The Power of Art / by Jeannine Cook

One of the most eloquent reminders I have met recently of the power of art to overcome even the most appalling of situations and experiences is the 1963 novel by the Czech writer, Josef Bor, entitled The Terezin Requiem. I found this slender book, republished in 2006 in French in the Livre de Poche edition, at Barcelona airport; it was a fortunate purchase. If you are lucky, I think it can be found in English, sometimes with the title, The Theresienstadt Requiem.

Although this is a novel, it is based on a true story. Josef Bor, a legal expert, was sent to Terezin, "the antichamber to Auschwitz", in June, 1942. Most of his family was killed in Poland, Terezin or Auschwitz. He was eventually liberated from Buchenwald in 1945, and in 1963, he published this book. It is about the Czech pianist and orchestra director, Raphael Schächter, who spent from November 1941 until October 1944 in Terezin; he was then transported to Auschwitz. During his time at Terezin, after eighteen months of the most determined and heroic work, he managed to put on a concert of Giuseppe Verdi's Requiem, with four soloists, a choir of one hundred and fifty singers and two pianos en lieu of an orchestra. To achieve that, he had to teach and rehearse with at least five hundred prisoners, because the Nazis kept sending off the singers to Auschwitz to be exterminated.

Image of deceased Czech composer Rafael Schächter

Image of deceased Czech composer Rafael Schächter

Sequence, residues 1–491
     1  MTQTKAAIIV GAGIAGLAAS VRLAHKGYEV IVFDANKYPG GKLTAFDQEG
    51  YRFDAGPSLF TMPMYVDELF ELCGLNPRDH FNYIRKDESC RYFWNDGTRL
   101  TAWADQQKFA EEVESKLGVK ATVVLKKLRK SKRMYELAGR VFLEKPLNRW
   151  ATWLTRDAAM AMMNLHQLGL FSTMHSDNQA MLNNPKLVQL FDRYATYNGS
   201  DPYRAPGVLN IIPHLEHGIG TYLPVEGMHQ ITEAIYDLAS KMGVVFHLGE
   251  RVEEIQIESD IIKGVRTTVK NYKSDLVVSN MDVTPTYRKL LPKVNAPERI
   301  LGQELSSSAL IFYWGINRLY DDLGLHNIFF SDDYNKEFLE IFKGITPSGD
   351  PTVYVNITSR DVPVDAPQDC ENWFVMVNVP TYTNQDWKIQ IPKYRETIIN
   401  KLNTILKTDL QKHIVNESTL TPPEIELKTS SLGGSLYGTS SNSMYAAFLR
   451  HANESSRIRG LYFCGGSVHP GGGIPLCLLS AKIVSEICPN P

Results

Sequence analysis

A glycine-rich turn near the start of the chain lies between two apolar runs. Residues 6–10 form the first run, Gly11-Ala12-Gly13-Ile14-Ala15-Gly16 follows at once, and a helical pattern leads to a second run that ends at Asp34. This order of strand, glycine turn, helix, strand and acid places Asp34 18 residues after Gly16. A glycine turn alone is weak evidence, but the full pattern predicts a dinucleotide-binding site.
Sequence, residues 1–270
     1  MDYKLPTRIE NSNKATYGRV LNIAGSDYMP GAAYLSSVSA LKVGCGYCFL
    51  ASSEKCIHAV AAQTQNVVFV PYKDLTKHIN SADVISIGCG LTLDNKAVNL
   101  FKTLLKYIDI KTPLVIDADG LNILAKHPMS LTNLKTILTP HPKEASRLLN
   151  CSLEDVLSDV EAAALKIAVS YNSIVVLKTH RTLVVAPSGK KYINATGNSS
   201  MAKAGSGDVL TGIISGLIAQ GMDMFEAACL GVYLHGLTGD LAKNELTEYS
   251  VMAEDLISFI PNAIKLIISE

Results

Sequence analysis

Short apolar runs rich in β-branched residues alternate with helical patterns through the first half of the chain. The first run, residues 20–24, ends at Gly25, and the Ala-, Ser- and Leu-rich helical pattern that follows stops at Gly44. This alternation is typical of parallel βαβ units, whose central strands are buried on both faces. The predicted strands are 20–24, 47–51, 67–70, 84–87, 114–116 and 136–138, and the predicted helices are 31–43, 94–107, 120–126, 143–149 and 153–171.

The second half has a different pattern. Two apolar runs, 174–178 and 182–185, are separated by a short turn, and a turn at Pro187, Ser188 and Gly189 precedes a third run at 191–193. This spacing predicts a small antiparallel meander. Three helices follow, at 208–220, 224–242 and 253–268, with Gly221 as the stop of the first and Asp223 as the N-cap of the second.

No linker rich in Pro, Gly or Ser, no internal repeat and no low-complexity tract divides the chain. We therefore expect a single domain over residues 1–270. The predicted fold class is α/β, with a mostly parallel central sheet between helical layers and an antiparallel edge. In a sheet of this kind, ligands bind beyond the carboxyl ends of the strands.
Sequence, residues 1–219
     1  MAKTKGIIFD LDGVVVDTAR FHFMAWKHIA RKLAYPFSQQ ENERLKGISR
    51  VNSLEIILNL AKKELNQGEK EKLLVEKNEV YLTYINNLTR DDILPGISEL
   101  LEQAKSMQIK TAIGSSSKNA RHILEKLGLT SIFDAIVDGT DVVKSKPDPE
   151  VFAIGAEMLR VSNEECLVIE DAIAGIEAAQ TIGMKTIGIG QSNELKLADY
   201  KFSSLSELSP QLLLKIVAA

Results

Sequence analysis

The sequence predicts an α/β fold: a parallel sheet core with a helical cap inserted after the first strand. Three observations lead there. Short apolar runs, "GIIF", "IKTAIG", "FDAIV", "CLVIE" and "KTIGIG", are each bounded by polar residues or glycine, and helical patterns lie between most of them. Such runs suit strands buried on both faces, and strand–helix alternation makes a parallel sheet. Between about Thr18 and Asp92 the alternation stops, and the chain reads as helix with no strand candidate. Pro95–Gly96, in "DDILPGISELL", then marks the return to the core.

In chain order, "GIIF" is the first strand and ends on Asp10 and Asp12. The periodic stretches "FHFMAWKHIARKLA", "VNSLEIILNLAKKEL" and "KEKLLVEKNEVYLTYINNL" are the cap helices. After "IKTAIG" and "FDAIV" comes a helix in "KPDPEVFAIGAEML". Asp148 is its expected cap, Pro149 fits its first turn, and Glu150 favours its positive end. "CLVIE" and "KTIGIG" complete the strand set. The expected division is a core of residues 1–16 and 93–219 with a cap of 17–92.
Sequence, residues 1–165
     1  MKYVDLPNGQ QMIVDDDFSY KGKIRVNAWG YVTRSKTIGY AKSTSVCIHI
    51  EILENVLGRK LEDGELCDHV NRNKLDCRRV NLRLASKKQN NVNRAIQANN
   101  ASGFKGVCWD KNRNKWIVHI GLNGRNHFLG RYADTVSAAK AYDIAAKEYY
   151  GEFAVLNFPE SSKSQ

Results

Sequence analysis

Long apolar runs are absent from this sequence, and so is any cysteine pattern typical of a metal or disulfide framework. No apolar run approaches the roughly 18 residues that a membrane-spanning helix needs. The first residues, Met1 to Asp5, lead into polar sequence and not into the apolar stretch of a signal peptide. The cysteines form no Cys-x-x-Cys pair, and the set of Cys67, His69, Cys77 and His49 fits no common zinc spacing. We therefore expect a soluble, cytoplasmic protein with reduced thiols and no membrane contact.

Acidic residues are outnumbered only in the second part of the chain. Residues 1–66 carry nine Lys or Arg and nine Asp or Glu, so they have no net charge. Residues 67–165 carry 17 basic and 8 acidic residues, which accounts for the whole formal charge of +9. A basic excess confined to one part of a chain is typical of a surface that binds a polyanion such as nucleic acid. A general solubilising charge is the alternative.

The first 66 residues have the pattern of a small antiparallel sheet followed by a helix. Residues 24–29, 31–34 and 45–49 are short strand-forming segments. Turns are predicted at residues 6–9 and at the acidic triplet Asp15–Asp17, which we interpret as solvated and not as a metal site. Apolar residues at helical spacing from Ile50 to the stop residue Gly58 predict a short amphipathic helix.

The book is a most beautiful and moving paean to the power of art to advocate for liberty and justice. Verdi's Requiem becomes the vehicle to assert the essence of human dignity, the absolute rejection of Nazi barbarism. Bor writes superbly, moving one through the incredible labours and odyssey of Schächter rehearsing and achieving the performance of the Requiem, which, as in real life, was ultimately produced - by a quirk of fate - with Eichmann, Moese and fellow SS high command in the audience.

Verdi's music is used to tell the story of the emotions, the suffering, the deeply shared empathies of the musicians. Aria by aria, the words, written by an Italian and rooted in the Catholic faith, are sung by Jewish prisoners as the ultimate resistance to their Nazi oppressors. Bor makes one understand just why this musical art can be so potent, so universal.

I don't think I will ever listen to Verdi's Requiem again without having in mind this beautiful account of music's redemptive, triumphant power in the name of freedom.